By definition, recursion is the process of reducing a problem into a smaller version of itself (Malik, 2006). Recursion can be further classified as either direct recursion that calls itself or indirect recursion that is dependent on another component (Malik, 2006). Recursion is a powerful programming tool however it can incur a steep cost as it uses considerable amounts of memory and in the worst case can overflow the stack (Malik, 2006; Schalkoff, 1990). With this basis, recursion requires careful design to ensure it leads to a base case and eventually resolves (Malik, 2006).
Relational recursion is based on recursive joins and predicate logic (Codd, 1990). In a RDBMS setting, relational recursion can be succinctly described using Datalog notation (Garcia-Molina, Ullman & Widom, 2009. p. 222). Datalog is a logical query language based on predicate logic and is syntactically and semantically similar to Prolog (Garcia-Molina, Ullman & Widom, 2009; Wilson & Clark, 2001). Similar to Prolog, Datalog facilitates the representation of relational if-then rules that can query a database’s relations. In this framework, the database may be viewed as a knowledge base and the relation’s tuples comprise the knowledge base’s asserted facts.
In the Datalog format, relations form the head and body of a Datalog query separated by an arrow (e.g. head ç body). A rule is defined to be recursive if a predicate symbol appears in the head and also appears in the body as this will require a recursive join (Codd, 1990; Van Le, 1993). It is common to call the head and body’s relations clauses and the head may be further distinguished as the goal (Van Le, 1993; Wilson & Clark, 2001). From an interpretation perspective, if the Datalog body’s sub-goals can be met (i.e. tuple-based facts exist), a Boolean value is returned and the Datalog’s head or goal follows. This type of resolution is particularly relevant to problem spaces that can be represented as directed dependency graphs. In this instance, the system can determine if a solution is valid or exists by determining if a path of arcs exist from the sub-goals (i.e. body) to the goal (i.e. head). This framework is consistent with SQL relational and predicate logic principles as the programmer encodes the goal or the desired result rather than how to achieve the result (Wilson & Clark, 2001).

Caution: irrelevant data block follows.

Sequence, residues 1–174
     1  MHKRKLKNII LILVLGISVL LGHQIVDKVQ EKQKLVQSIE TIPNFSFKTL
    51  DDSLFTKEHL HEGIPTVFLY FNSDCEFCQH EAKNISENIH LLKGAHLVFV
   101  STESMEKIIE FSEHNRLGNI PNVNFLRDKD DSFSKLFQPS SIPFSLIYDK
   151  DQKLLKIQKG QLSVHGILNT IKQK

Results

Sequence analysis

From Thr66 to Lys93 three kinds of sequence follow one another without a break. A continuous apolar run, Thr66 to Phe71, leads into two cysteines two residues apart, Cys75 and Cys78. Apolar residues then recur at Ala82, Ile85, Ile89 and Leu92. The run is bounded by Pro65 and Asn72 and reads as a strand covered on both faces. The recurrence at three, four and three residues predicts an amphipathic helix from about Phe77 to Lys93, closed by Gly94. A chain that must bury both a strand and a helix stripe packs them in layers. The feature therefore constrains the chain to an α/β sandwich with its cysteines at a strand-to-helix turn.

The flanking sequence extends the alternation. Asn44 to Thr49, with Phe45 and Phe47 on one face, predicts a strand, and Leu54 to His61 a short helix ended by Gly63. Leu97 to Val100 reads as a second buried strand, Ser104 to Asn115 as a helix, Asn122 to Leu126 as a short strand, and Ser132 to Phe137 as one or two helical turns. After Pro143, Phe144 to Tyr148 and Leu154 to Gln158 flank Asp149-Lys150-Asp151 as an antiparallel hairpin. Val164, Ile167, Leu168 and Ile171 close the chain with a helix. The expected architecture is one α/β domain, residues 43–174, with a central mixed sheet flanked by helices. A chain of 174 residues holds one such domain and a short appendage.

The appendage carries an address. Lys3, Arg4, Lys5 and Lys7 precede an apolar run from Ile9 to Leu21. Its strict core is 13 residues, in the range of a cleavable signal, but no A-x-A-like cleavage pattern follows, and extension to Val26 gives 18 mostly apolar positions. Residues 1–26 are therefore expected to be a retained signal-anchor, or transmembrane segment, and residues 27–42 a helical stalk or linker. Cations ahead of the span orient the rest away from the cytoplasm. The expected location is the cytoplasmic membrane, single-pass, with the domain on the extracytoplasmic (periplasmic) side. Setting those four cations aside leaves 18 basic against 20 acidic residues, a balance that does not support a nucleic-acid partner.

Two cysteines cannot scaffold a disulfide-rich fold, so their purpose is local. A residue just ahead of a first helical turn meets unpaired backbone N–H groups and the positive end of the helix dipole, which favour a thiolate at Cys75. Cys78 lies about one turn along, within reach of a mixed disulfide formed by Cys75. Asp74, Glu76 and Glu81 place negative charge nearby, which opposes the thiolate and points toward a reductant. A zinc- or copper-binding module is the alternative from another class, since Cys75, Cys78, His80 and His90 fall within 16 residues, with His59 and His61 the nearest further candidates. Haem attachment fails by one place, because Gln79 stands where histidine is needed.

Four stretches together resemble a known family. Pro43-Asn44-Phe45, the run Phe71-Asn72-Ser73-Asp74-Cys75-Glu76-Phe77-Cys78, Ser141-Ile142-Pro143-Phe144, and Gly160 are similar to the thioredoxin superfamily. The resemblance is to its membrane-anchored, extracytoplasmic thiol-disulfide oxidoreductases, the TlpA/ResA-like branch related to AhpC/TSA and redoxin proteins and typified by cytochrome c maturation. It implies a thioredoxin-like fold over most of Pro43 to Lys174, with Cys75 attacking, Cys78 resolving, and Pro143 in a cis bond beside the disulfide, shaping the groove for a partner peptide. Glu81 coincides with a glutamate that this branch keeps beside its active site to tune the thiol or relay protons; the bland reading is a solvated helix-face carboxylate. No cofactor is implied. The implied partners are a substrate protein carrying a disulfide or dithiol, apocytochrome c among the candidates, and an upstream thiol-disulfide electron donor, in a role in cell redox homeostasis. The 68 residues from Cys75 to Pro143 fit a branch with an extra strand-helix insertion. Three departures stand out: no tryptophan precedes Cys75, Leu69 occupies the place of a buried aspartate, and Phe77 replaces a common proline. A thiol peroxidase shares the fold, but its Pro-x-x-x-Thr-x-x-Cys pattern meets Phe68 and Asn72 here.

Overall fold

SQL 99 includes the provision to support recursion as presented by Codd through the RECURSION and WITH keywords (Codd, 1990; Garcia-Molina, Ullman & Widom, 2009). SQL requires recursive statements be preceded by the keyword RECURSIVE. The WITH statement allows the programmer to define temporary relations and allows these temporary relations to be used in subsequent queries. This allows the programmer to break up a problem space into smaller components in accord with the recursive definitional basis above. SQL allows these temporary relations to be mutually recursive where they are defined in terms of other relations in addition to their own relation. With this basis SQL supports both direct and indirect recursion however if an SQL query is mutually recursive, SQL limits the body to include just a single mutually recursive sub-goal.
An important facet of recursive relational logic programming is its support for anonymous variables (Wilson & Clark, 2001). An anonymous variable is allowed to range over all possible attribute instance values of a relation’s column. Functionally this allows an anonymous variable to be iteratively set to all values in a column and tested or compared in additional sub-goals. If all of the body’s sub-goals are met resulting in a Boolean value of true, the anonymous variable’s value is instantiated and this value becomes part of the solution query or relation (i.e. the head clause).
SQL’s added support for recursive programming in 1999 represents an important step forward in accord with Codd’s relational theory (Codd, 1990). The ability to program Datalog equivalent SQL queries demonstrates that SQL is truly a fourth generation language. Furthermore, support for recursion demonstrates that today’s RDBMS are moving towards knowledge-base functionality. This is remarkable step forward citing that knowledge-bases are central to Expert System (ES) development and serve as the critical underpinnings of semantic interoperability, knowledge representation and transfer (Graham et al., 2005; Jackson, 1999; Nagarajan, Verma, Sheth & Miller, 2007; Sheth, Gomadam & Lathem, 2007).
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